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  • Maria Luisa Spaziani (b. 1924) is from Turin and has had a long and distinguished literary career. As well as two volumes of fiction and various critical studies of French literature and theater, she has published some eighteen volumes of poetry, including Le acque del sabato (1954), Il gong (1962), Utilità della memoria (1966), L'occhio del cyclone (1970), Transito con catene (1977), Geometria del disordine (1981), La stella del libero arbitrio (1986), I fasti dell'ortica (1996), La traversata dell'oasi (2002), and La luna è già alta (2006). "La gloria," the poem translated here, is from La stella del libero arbitrio.

  • Linda Stack-Nelson is a WLT intern studying English literature and international studies at the University of Oklahoma. After graduating, she plans to work in publishing and looks forward to increasing her book-buying budget. 

  • Kim Stafford, founding director of the Northwest Writing Institute at Lewis & Clark College, is the author of a dozen books of poetry and prose, including The Muses Among Us: Eloquent Listening and Other Pleasures of the Writer’s Craft and 100 Tricks Every Boy Can Do: How My Brother Disappeared.  He has taught writing in dozens of schools and community centers as well as in Scotland, Italy, and Bhutan.

  • Skyler Stanley is a WLT intern with a fascination for coffee, pugs, and superheroes. She hopes to work in the publishing field after graduation. 

  • Julian Stannard's third collection is The Parrots of Villa Gruber Discover Lapis Lazuli (Salmon, 2011), which includes the three poems featured here and completes a trilogy of works about the city of Genoa and its environs. Having taught at the University of Genoa for many years, he now teaches creative writing and English at the University of Winchester (UK). His work appears in the TLS, The Spectator, Poetry Review, Poetry London, Ambit, Guardian, PN Review, Poetry Wales, Resine (Italy), and Nuova Corrente (Italy). He is the author of The Poetic Achievements of Donald Davie and Charles Tomlinson: Expanding Vision, Voice and Rhythm in Late Twentieth-Century English Poetry (Edwin Mellen Press, 2010). He won the Troubadour Poetry Prize in 2010. Copyright © 2011 by Julian Stannard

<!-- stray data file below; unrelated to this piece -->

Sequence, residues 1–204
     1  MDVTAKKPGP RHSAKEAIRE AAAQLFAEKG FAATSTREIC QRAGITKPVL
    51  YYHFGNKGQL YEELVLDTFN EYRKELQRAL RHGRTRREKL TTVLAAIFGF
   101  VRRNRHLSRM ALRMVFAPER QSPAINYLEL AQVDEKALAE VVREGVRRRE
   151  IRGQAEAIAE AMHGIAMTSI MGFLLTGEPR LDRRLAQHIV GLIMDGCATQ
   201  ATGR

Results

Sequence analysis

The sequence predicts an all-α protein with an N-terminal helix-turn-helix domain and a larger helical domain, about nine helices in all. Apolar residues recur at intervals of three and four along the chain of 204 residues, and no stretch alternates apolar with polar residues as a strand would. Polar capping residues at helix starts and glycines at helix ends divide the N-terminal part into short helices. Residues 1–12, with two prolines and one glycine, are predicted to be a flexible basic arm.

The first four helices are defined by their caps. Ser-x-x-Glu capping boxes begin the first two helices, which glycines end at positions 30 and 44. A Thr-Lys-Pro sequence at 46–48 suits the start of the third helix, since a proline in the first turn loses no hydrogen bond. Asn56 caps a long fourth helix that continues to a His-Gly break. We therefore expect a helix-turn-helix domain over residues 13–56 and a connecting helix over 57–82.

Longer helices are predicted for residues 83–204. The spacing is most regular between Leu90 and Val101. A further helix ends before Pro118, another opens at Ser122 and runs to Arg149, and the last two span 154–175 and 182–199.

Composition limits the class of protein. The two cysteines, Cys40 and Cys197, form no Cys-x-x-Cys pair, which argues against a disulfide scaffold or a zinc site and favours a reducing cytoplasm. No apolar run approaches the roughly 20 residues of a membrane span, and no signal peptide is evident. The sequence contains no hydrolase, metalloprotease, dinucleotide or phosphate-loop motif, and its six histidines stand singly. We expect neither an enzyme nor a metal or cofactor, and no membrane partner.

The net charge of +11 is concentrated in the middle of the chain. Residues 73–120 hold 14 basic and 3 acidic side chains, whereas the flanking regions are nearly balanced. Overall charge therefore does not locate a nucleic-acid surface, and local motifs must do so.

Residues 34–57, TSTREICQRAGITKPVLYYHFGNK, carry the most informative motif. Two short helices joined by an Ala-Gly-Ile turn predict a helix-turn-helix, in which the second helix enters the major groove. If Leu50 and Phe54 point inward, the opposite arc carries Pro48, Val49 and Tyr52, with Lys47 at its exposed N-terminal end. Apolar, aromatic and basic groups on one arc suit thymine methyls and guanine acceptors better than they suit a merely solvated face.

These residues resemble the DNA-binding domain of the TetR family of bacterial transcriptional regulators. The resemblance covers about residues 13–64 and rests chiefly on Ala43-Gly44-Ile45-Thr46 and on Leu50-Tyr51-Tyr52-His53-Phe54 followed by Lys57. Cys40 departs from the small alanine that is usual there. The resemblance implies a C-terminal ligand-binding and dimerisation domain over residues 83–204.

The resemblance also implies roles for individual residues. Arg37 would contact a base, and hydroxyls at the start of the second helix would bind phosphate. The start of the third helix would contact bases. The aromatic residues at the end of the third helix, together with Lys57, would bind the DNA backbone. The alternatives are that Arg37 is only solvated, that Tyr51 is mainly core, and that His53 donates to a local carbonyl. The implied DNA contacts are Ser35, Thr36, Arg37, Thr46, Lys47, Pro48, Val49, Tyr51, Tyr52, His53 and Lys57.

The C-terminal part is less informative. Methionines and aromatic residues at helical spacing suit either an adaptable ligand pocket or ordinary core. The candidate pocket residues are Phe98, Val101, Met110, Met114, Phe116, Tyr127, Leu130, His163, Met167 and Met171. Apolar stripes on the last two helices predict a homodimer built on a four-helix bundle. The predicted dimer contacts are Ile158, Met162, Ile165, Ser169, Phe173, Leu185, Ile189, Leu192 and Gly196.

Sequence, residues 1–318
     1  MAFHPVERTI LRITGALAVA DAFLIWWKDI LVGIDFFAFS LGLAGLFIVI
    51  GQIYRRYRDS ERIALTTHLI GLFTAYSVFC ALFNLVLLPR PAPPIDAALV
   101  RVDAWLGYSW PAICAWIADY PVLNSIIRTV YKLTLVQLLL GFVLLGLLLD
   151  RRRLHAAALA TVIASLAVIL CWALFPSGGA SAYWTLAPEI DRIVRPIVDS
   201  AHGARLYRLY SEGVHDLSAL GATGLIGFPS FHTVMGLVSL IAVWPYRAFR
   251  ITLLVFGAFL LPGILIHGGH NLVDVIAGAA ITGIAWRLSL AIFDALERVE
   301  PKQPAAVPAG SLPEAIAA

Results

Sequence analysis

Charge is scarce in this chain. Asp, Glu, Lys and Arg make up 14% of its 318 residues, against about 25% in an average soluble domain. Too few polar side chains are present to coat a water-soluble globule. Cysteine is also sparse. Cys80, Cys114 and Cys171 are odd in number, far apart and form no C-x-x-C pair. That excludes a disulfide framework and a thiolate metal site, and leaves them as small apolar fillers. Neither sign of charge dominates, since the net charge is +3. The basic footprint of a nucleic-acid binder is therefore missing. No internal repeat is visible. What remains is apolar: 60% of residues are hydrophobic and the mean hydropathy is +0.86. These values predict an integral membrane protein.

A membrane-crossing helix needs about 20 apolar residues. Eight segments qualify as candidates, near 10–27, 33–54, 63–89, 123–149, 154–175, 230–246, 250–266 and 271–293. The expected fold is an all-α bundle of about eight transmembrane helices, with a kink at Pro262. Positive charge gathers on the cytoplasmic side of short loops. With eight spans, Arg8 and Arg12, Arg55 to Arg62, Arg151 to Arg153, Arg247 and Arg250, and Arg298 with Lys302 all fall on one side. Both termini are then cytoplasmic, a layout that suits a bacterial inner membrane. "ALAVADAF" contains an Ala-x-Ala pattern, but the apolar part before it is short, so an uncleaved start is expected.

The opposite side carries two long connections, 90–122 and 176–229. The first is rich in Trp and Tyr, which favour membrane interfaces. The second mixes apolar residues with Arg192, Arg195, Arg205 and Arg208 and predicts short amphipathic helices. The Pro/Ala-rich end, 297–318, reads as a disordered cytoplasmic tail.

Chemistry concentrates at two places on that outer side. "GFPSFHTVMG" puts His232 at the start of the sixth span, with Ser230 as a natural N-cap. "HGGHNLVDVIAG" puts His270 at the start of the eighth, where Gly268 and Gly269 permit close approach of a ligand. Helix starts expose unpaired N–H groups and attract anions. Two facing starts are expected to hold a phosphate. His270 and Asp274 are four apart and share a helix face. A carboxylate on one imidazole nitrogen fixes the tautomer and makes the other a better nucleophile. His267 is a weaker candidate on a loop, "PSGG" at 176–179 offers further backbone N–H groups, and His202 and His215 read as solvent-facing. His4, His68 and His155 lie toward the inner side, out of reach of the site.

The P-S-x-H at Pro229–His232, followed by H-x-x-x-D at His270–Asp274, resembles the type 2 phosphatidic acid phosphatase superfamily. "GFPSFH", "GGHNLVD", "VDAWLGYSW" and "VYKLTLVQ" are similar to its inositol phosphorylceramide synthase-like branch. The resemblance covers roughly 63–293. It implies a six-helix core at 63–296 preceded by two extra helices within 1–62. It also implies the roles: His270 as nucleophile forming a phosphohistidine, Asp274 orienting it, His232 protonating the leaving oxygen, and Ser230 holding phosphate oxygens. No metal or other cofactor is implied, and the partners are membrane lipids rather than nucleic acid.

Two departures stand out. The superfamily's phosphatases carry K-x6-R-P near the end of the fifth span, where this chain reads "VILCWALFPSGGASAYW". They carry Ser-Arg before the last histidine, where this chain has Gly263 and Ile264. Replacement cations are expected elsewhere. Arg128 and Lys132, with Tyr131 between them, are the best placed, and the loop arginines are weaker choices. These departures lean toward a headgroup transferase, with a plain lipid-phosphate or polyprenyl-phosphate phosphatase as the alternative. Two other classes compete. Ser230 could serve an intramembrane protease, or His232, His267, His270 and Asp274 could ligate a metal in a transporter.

• Photo: Sam Masinter

    Ilan Stavans is Lewis-Sebring Professor of Latin American and Latino Culture at Amherst College. He edited All the Odes (FSG) of Pablo Neruda, published last year. A Most Imperfect Union: A Contrarian History of the United States (Basic, with cartoonist Lalo Alcaraz) will be out in July. He is the publisher of the digital imprint Restless Books ( and a cofounder of the Great Books Summer program at Amherst, Stanford, and Oxford (

  • Alex Stein is the co-author, with Yahia Lababidi, of The Artist As Mystic: Conversations with Yahia Lababidi (Onesuch Press). He is also the author of the genre-blurring Made-Up Interviews, Imaginary Artists (Ugly Duckling Presse).

  • Ludwig Steinherr was born in Munich in 1962. He earned a PhD with a dissertation on Hegel and Quine. He is the author of twelve award-winning volumes of poetry and is a member of the Bavarian Academy of Fine Arts. His work has been translated into numerous languages. Recent publications include Kometenjagd (2009) and Ganz Ohr (2012), from which these poems were taken, as well as Das Mädchen der Maler Ich (2012). An English edition of his collected poems, Before the Invention of Paradise, was published in 2010.